The New York Times Black Letter identity

The New York Times Black Letter identity

 

Why I cannot join Mark Wilson’s and Lauren Indivik’s enthusiasm for the redesign of the New York Times

I am no newspaper reader, never was, nor do I make use of a cell phone, why then I adore the New York Times, appears to be a signal of just how powerful the New York Times brand is.



Vorher

 
Before




Nachher

 
After


 

The brand equity was thrown out with the bathwater

Don’t get me wrong, with the redesign close to everything was exemplarily done right:

  1. Adapting simplicity of mobile device interface restrictions
  2. Liquid Design: embracing adaptive design
  3. Making use of the tried and true WordPress CMS (Content Management System)
  4. Embedding of webfonts
  5. Guidance for readers from within the content rather than by menu structures



NYTimes for Android

NY Times for Android



Symbol

Symbol

The most valuable of a brand however, the brand equity, ie. it’s feasable representatives has been lost in the redesign.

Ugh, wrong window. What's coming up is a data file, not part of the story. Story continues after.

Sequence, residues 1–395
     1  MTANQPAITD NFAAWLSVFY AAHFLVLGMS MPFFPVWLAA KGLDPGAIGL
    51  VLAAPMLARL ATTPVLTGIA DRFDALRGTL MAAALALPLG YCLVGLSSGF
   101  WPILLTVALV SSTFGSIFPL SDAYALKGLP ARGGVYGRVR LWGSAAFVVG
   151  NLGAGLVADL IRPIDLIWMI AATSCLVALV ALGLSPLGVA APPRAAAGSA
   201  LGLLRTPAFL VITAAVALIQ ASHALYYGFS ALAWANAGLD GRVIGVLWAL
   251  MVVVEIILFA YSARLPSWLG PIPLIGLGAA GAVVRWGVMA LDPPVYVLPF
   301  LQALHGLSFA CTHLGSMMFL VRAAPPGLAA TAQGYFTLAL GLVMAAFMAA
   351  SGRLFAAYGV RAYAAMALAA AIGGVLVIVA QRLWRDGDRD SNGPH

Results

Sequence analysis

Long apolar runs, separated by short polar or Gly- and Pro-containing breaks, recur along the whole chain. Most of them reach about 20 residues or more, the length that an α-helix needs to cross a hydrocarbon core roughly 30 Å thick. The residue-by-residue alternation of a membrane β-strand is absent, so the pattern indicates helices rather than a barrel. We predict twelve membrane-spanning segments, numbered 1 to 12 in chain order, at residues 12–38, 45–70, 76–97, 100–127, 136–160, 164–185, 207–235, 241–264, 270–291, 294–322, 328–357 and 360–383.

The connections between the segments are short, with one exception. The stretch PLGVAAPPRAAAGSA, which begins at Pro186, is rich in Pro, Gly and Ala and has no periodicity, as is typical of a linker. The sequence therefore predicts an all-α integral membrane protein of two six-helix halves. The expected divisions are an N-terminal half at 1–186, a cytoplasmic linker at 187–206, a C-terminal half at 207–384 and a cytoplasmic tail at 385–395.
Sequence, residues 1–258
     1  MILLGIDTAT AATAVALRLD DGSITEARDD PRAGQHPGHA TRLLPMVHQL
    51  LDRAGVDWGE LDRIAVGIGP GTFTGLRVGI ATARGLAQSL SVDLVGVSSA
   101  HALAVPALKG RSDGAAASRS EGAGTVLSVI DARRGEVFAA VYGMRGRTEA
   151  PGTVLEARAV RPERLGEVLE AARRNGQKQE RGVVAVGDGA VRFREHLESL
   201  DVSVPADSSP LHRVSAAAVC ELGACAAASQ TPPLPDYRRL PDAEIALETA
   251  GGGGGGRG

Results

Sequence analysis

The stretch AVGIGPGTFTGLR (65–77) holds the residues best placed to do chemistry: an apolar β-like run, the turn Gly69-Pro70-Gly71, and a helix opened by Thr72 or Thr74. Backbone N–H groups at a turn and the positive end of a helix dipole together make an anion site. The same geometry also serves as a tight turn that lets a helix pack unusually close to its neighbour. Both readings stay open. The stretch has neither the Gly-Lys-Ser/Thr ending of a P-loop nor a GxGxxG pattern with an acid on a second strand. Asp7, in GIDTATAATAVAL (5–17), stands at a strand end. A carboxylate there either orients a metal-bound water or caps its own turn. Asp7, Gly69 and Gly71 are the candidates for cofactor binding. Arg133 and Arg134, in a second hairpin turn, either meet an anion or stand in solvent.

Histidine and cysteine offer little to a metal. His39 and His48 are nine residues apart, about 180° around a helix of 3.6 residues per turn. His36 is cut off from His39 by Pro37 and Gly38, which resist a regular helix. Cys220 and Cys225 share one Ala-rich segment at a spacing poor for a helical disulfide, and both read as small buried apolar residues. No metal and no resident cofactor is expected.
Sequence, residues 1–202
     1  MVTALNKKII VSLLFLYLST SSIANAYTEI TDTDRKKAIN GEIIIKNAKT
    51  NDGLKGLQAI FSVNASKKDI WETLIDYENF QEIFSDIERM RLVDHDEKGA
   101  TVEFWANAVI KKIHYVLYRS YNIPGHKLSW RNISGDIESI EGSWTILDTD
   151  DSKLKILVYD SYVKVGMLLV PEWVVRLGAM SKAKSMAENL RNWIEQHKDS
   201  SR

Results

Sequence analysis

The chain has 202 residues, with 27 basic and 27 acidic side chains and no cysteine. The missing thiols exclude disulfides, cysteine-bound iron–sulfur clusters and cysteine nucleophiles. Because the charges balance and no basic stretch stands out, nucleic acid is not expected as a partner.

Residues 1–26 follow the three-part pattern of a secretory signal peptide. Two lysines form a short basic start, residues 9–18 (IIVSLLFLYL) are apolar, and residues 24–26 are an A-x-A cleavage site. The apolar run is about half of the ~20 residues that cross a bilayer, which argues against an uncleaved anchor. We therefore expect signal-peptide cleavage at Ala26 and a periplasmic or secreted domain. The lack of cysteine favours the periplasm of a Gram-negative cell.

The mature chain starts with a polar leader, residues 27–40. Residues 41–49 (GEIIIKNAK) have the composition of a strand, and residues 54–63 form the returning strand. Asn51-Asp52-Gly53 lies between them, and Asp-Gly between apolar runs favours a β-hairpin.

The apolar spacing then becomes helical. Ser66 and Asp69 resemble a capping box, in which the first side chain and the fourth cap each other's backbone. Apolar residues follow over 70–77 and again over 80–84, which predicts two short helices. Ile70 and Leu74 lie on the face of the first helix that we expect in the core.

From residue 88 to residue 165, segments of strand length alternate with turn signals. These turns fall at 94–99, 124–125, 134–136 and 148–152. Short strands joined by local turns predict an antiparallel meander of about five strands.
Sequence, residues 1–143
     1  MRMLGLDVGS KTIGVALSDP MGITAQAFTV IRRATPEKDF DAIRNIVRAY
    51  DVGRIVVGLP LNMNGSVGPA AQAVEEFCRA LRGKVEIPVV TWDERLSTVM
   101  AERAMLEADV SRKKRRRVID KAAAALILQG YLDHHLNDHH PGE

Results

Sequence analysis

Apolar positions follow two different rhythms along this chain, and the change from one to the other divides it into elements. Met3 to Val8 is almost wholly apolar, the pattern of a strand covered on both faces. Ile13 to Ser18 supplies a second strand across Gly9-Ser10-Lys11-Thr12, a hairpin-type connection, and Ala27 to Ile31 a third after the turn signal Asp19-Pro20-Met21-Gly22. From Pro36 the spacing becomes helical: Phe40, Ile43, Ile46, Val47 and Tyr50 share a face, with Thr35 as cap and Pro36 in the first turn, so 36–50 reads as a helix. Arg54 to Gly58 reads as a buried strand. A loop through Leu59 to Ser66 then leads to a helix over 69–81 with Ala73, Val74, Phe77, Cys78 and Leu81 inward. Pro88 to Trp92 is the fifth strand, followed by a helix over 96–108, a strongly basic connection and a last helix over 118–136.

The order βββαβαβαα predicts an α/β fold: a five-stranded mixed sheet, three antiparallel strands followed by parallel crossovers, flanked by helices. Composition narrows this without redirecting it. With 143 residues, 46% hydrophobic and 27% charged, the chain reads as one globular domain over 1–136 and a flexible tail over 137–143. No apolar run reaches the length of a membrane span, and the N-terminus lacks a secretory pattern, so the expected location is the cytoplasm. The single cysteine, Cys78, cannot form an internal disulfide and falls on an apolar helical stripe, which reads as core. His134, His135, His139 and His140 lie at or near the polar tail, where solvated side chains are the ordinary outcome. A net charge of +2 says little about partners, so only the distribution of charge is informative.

The New York Times is a flagschip of world wide newspapers. Something the brand owes to the trust of loyal readers, accumulated over the course of decades for quality content (where the story comes first). Symbols and chacterisitics that have been injected into the skin of a global readership.

The redesign comes to market at the expense of the feasible part of brand equity and is questionable.

  1. Multi column newspaper layout
  2. Blackletter timesless quality typography

The new technology and adaptive design offers a formidable playground to explore and experiment with the classic tabloid layout and how to break the columns up for the different monitor sizes and resolutions out there.

The blackletter type possibly characterizes the New York Times more than anything else even though or because the competition makes use of it as well and is now elegantly supported by webfont technology.

favicon

favicon

 

About the video

BlackLetter was used throughout Europe from about 1150 until the end of the 17th century. One of my current preoccupations is developing a set of modern BlackLetter capitals that are highly legible, in BlackLetter terms, and yet retain the richness and beauty inherent in this ancient category of letterform. From time to time I will film clips like this to record my progress. Prints and originals available from seblester.co.uk. Music by Carlos Márquez, Phoenix, USA.

 

 

 

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